Journal of Pharmacy And Bioallied Sciences
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ORIGINAL ARTICLE
Year : 2017  |  Volume : 9  |  Issue : 4  |  Page : 251-258

Academic stress and prevalence of stress-related self-medication among undergraduate female students of health and non-health cluster colleges of a public sector University in Dammam, Saudi Arabia


1 Pharm.D 5th Year student, College of Clinical Pharmacy, Imam Abdulrahman Bin Faisal University, Dammam 31441, Saudi Arabia
2 Department of Pharmacy Practice, College of Clinical Pharmacy, Imam Abdulrahman Bin Faisal University, Dammam 31441, Saudi Arabia
3 Department of Natural Products and Alternative Medicines, College of Clinical Pharmacy, Imam Abdulrahman Bin Faisal University, Dammam 31441, Saudi Arabia
4 Department of Pharmaceutics, College of Clinical Pharmacy, Imam Abdulrahman Bin Faisal University, Dammam 31441, Saudi Arabia

Correspondence Address:
Dr. Atta Abbas Naqvi
Department of Pharmacy Practice, College of Clinical Pharmacy, Imam Abdulrahman Bin Faisal University, P.O. Box 1982, Dammam 31441
Saudi Arabia
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Source of Support: None, Conflict of Interest: None


DOI: 10.4103/JPBS.JPBS_189_17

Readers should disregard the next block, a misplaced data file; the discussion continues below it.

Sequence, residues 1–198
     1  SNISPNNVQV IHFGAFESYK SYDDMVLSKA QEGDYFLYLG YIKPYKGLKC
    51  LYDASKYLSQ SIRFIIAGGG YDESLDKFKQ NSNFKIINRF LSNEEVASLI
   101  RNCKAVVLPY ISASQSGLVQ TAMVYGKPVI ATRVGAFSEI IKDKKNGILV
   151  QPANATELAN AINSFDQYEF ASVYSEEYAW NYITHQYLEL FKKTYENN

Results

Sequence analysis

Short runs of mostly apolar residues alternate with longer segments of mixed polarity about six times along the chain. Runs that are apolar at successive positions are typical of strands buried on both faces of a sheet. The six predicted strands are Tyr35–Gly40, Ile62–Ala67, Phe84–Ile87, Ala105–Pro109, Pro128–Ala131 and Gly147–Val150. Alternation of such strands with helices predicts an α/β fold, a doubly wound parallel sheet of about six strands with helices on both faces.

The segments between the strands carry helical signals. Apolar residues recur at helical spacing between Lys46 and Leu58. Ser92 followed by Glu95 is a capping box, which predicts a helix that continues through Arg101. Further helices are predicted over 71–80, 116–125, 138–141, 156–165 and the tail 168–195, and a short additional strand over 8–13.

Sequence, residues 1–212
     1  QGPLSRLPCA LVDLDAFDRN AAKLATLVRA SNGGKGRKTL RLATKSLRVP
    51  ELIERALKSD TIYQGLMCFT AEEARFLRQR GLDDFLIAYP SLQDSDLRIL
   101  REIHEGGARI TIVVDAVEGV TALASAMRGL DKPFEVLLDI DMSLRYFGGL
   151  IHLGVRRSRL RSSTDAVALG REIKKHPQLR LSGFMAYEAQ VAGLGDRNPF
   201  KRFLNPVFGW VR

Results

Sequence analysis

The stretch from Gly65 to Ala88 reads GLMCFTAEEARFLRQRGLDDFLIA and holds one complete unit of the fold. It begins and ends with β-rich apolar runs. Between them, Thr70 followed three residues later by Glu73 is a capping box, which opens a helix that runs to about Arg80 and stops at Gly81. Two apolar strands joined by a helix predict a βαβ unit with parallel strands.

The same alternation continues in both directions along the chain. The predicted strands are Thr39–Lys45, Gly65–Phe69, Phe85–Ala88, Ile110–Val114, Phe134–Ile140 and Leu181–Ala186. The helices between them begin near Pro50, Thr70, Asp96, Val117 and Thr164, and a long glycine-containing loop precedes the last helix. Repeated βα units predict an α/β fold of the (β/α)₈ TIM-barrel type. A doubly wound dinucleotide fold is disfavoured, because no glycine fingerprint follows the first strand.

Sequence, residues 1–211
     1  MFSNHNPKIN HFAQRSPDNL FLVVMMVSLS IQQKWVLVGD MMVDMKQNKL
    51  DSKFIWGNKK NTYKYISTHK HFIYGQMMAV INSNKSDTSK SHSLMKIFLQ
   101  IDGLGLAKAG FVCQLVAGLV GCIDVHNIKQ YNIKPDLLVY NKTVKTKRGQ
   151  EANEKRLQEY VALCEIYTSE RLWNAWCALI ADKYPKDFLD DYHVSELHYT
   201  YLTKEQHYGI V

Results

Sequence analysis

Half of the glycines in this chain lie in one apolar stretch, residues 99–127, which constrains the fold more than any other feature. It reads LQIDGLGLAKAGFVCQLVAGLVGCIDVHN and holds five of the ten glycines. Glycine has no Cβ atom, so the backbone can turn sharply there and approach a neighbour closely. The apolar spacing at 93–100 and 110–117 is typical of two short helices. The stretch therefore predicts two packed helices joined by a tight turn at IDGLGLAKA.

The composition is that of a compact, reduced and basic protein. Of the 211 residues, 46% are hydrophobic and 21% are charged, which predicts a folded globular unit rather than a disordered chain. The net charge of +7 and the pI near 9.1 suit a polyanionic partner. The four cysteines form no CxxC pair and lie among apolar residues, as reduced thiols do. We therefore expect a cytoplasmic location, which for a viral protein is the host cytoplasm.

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Objective: The objective was to report academic stress and prevalence of stress-related self-medication among undergraduate female students of health and nonhealth cluster colleges at a public sector university in Dammam, Saudi Arabia. Materials and Methods: A 5-month cross-sectional survey was conducted in the university. The survey included the English version of 10-item Perceived Stress Scale (PSS) to report self-perceived stress. Student responses were analyzed by SPSS version 22 software. Results: The majority of students (85%) perceived examinations as a stressor. Most of the students (64%) had perceived moderate stress that increased as students progressed from preparatory year to 4th year. It declined in students of 5th and 6th year. The prevalence of stress related was reported at 39.58%. Highest prevalence of stress-induced self-medication was reported from College of Nursing (59.09%) and lowest (29.69%) from clinical pharmacy. Most common drug used to self-medicate during stress was caffeine (49.5%). The PSS score was significantly associated with colleges and study levels. Conclusion: Students studying in health cluster colleges reported high academic stress and self-medication practice. The major stressors identified were examination and course load. Student counseling sessions and counseling by pharmacists regarding self-care may help in the reduction of such stressors and may promote responsible self-medication. Self-evaluation and quality assurance process of curriculum may highlight areas for improvement in the courses. This may help in lowering academic stress among students.


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